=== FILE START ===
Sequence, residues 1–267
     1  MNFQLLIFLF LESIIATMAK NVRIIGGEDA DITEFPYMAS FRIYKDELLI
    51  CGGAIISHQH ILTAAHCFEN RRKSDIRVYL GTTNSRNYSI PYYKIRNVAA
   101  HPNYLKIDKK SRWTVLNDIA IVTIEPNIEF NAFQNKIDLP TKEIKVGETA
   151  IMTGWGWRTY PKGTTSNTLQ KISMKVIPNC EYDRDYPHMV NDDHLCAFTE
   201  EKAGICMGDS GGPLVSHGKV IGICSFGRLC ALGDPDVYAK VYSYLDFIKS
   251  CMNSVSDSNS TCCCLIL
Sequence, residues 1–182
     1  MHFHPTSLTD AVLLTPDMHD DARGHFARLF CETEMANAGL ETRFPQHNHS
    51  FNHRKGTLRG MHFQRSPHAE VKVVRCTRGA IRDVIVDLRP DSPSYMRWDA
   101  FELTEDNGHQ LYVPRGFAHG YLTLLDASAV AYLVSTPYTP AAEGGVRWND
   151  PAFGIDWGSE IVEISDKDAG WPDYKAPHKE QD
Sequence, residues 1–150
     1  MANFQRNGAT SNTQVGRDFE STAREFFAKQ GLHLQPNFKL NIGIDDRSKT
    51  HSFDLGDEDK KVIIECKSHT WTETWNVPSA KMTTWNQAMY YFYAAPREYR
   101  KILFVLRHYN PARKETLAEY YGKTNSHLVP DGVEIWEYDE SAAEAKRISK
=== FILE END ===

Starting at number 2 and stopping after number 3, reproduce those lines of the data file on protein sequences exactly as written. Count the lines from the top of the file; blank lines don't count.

     1  MNFQLLIFLF LESIIATMAK NVRIIGGEDA DITEFPYMAS FRIYKDELLI
    51  CGGAIISHQH ILTAAHCFEN RRKSDIRVYL GTTNSRNYSI PYYKIRNVAA